While figures are yet to be confirmed, Ethereum’s founder Vitalik Buterin alluded that stakers will need to put up 1,000 ETH to participate, so for now Mom and Pop investors may have to make room for the big boys, or join a “stake pool,” a collective effort in which the rewards are split among contributors. The Casper Testnet’s current requirement is a mind-bending 1,500 ETH, so don’t go holding your breath for any discounts.
All of this will speed up Ethereum’s network by enabling faster block creation as well as allowing sharding – the partitioning of a database into smaller, more controllable parts. On the user end, this lower latency will make the network faster and cheaper to use (in theory). Lastly, PoS may reduce the risk of centralization seen with PoW, where wealthy miners can afford to invest in more effective mining gear.
History of Casper
What most people don’t know is that a PoS fork has always been in the pipelines for Ethereum, with the Casper project starting way back in September 2014. Casper is the ghostly little brainchild of Ethereum’s top researcher, Vlad Zamfir, who has bluntly expressed that he thinks Ethereum can do better:
If the name “Casper” conjures up images of an eerie apparition, you wouldn’t be too far off – the team’s inspiration for the name was from “GHOST,” which stands for Greedy Heaviest Observed Sub-Tree, a protocol for transitioning PoW to PoS.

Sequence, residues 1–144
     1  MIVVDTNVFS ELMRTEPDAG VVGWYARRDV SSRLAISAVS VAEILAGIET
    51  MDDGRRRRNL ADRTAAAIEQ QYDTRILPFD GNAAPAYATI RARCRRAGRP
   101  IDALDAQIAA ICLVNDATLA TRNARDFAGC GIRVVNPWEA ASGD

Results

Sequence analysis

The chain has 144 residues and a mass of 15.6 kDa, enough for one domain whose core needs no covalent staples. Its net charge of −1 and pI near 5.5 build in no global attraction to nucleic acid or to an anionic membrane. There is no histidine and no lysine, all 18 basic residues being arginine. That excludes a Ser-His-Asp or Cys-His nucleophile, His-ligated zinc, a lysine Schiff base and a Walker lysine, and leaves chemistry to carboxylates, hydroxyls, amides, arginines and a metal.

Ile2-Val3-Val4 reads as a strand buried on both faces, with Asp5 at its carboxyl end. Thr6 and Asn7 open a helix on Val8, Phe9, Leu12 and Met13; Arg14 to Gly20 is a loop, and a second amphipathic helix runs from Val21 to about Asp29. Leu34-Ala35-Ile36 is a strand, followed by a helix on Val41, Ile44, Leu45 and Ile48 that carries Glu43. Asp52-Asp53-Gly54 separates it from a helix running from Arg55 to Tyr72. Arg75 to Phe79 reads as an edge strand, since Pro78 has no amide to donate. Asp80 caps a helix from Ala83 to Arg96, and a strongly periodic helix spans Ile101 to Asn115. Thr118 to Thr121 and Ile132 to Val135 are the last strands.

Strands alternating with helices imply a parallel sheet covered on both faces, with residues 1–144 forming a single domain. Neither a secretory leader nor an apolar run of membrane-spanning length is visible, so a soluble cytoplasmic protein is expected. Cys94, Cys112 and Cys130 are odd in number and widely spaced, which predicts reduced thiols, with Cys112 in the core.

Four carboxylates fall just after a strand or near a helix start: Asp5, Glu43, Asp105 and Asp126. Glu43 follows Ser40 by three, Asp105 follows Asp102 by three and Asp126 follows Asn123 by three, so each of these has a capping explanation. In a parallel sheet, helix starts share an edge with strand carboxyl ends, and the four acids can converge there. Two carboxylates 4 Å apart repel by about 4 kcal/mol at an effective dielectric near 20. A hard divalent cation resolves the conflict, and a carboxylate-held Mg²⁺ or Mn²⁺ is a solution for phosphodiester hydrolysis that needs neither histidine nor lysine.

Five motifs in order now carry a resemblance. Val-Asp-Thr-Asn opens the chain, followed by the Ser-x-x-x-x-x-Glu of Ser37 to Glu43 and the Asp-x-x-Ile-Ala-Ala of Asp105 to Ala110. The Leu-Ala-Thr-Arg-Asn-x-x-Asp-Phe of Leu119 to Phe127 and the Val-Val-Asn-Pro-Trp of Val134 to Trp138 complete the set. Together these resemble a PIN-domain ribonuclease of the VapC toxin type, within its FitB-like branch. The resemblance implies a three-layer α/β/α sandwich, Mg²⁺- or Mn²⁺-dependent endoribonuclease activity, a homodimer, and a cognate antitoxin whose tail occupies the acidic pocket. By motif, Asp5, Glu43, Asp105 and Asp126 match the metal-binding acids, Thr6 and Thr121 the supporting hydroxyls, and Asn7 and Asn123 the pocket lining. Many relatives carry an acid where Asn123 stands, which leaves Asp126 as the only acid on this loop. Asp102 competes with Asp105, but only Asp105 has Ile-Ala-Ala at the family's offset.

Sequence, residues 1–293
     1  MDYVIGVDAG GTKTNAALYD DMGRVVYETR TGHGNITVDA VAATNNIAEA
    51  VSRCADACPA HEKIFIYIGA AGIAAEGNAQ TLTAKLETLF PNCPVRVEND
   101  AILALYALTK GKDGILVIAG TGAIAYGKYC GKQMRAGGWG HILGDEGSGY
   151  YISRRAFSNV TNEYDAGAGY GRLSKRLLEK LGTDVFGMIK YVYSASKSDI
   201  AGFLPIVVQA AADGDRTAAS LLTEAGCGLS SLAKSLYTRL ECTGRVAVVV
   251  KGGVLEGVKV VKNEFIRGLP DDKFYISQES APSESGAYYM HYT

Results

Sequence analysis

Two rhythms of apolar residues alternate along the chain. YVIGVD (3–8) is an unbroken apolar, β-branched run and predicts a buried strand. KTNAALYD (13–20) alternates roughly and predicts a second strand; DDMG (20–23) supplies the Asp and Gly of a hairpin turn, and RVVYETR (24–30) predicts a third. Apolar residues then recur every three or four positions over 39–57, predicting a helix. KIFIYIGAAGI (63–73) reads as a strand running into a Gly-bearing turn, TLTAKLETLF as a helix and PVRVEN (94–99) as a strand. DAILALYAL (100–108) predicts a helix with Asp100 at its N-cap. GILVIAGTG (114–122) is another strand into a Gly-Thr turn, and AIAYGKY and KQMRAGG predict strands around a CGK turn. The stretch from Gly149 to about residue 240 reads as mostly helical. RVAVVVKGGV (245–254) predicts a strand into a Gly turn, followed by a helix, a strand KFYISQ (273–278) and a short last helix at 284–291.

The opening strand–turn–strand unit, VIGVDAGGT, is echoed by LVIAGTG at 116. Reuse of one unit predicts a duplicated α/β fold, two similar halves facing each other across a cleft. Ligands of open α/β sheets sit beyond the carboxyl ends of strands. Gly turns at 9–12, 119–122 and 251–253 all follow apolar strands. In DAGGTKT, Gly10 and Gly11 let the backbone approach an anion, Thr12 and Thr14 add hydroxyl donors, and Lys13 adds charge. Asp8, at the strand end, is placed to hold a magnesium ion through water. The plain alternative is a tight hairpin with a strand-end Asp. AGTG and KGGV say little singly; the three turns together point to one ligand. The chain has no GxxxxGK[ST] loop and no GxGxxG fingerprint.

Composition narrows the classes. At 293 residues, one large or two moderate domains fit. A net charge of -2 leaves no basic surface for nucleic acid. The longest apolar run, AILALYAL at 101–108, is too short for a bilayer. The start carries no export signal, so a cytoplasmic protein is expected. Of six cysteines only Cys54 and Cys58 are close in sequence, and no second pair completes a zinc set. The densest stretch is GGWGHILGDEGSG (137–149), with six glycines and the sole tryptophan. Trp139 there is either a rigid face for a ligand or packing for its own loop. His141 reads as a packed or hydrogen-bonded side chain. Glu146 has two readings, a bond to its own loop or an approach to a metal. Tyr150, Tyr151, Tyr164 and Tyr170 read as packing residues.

It is obvious that Casper marks Doomsday for Ethereum miners, but there are additional challenges that may arise once Casper is implemented.
Handing over the reins to a group of stakers poses many issues. For one, PoS may put the entire Ethereum network at risk of failure in the event of a physical disaster or anti-Ethereum regulation. Hypothetically, if either of these events were to occur in a zone containing all the validators, it could wipe out the entire network. This is not a possibility with PoW, where miners can pick up the ball from outside the affected area.
As there are only up to 250 validators in Casper, the above scenario is entirely possible. Taking down 250 peers is well within the capabilities of hackers and government authorities, and this should be a cause for concern.
Lastly, the whole point of blockchains is that they are decentralized, and staking may subvert this vital quality. The gargantuan quantity of ETH one must hold to be a staker reserves PoS for whales and collaborative staking efforts – both of which are markedly centralized.
The Casper hard fork is intended to take the weight off the weary shoulders of the Ethereum network. Relieving it of its wasteful, snail’s-pace PoW consensus mechanism is necessary for Ethereum to make the leap into outer-orbital dominance.
PoS will undoubtedly benefit Ethereum in many ways: by turbo-charging transaction speeds, eliminating wasteful mining practices, and reducing the risk of centralization seen with PoW. That said, there are a number of concerns facing the shift to PoS, all of which will need to be addressed by Buterik and his gang of ghostbusters.
Related: What Is Ethereum Classic?